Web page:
The buzz surrounding Nintendo’s NES Classic and its subsequently astonishing commercial performance was so profound that it’s likely to have spawned a whole new sub-category of consoles. We’ve already had the SNES follow-up before copycats SEGA and Sony recently made their own versions public. Now we have rumors of an N64 Classic… what’s next?
Consumers are lapping up what is essentially a fad product line, and manufacturers such as Nintendo and Sony are only too happy to oblige. But what is it about the prospect of playing ancient games on miniature hardware that’s so appealing?
It’s not easy to explain, but I am certain the whole thing is going to end in tears.
When I consider classic consoles, I’m struck by a review I read years ago for Konami’s Metal Gear Solid Legacy Collection. It concluded that one should “never underestimate people’s desire to buy something they don’t really need.” I distinctly remember nodding my head in agreement before pressing the order button.
The Legacy Collection came in a very pretty package –a big white box with cool artwork inside, you know the one. I’ve never actually played any of the games it came with. I’d already played them once or twice before, and then again on the HD Collection I’d bought the year earlier.
The Legacy Collection has sat on my shelf staring at me for five years.
I imagine that’s much the same as the Classic Consoles that people are falling over themselves to purchase at the moment. Not for everyone, certainly, but the vast majority of consumers are spending their money on what boils down to an overpriced piece of plastic that looks lovely but has no real entertainment value.
And I get that, honestly. As a model enthusiast, I appreciate the aesthetic value of having a cutesy mini version of one’s favorite console sitting on a visible shelf. I can picture myself building a little collection of all the inevitable ones that’ll be marked in the future.
But actually playing the games on the hardware itself? I’m not so sure. I can’t honestly see myself spending 80 hours playing Wild Arms on the PS One Classic any time soon, or replaying Final Fantasy VII for the umpteenth time. No, there are far too many better, modern games to play.
In the end, these classic console products appeal purely and simply on their aesthetic merit –all for the cool price of $99.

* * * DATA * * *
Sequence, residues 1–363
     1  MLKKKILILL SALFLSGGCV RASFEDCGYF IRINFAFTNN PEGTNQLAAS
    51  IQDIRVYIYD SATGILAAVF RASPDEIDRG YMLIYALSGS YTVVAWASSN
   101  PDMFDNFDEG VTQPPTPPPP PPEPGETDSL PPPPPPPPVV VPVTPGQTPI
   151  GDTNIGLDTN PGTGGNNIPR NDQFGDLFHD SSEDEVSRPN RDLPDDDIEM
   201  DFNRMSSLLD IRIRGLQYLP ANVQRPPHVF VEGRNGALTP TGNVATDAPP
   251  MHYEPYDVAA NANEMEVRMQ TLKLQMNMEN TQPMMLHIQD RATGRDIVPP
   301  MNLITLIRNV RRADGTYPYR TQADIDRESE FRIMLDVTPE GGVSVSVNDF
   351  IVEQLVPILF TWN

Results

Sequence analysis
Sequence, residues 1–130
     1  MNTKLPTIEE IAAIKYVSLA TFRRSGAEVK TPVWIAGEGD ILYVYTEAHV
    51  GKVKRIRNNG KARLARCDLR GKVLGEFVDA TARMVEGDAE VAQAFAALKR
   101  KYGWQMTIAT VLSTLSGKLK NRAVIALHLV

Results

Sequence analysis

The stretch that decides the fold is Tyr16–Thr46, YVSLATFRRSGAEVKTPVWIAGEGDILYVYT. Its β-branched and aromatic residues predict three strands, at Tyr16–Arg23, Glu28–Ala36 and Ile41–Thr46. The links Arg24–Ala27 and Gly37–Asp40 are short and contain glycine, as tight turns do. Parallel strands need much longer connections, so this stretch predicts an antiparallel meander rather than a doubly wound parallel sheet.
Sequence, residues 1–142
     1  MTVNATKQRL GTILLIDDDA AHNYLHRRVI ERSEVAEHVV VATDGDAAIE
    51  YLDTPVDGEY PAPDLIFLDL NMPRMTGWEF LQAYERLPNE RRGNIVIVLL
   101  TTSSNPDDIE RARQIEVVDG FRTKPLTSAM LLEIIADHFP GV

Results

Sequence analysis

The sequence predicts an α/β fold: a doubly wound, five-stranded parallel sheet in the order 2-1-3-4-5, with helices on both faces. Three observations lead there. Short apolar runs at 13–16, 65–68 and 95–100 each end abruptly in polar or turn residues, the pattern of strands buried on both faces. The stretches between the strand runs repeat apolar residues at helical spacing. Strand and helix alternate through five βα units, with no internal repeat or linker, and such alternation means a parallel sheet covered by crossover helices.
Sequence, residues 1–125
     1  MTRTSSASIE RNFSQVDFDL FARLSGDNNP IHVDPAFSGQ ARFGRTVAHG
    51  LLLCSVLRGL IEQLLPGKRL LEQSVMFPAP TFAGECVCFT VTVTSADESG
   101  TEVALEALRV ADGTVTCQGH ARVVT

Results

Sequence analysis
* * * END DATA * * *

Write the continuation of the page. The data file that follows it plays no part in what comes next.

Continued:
I was actually waiting rather excitedly for Sony to drop the announcement of the PS One Classic, too. That was my first “proper” console (sorry, Master System, you don’t count), and one that really invokes a load of nostalgia.
But ironically, there’s a huge issue with its games line-up that threatens to spoil the whole thing, and even more ironically, it once again reminds of that damn Metal Gear Solid Legacy Collection.
Metal Gear Solid was the one game I actually wanted to play on my PS3. My original PS One had long since stopped working, and I rather fancied the idea of playing a version of the game upscaled to run cleanly on a modern television. But was it included? No, of course not. You got some sort of lame digital code or something that I never redeemed. Curse you, Konami.
The PS One Classic hasn’t yet announced its full game line-up. We’ve come up with our own list of must-includes here at Twinfinite, but I’m not holding my breath. There are just too many licensing issues.
It’s a nice idea, the thought of Sony execs sitting around a table spitballing a fantasy line-up of cool games to throw on the ultimate PlayStation, but that’s not how it works. It’s much more boring: lawyers in suits determine which games make the cut, I’m sure.
I can, therefore, see the rhetoric around the PS One Classic very quickly descending into a narrative that it’s overpriced and has an underwhelming library of games. Oh, and the controller doesn’t have analog, which sucks –actually, people are already complaining about that.
On the other hand, Nintendo’s N64 has enough first party games that it can probably muster a decent library of games. It’s just a rumor at this stage, but would it really surprise you to see it announced? Of course not, it’s practically a given. It would be far more shocking if Nintendo didn’t announce it.
That in itself is now starting to become an even bigger issue: it’s all become a bit clinical now, this whole affair. It’s now a product line rather than an adorable surprise; a carefully planned part of a wider business strategy, not a cute little one-off that would make for a special birthday present.
Maybe I’m being cynical, but I feel like the conversation is already changing from joyous excitement to murmurs of a cash grab. Are we really going to get a PS2 Classic, and then a Gamecube Classic, and then a Dreamcast Classic, and then every classic they can possibly think of until they’ve covered every angle and rinsed every possible nostalgic market? That’s business, I guess, but it doesn’t take much to see this all getting very tedious, and for public opinion to pull a complete 180.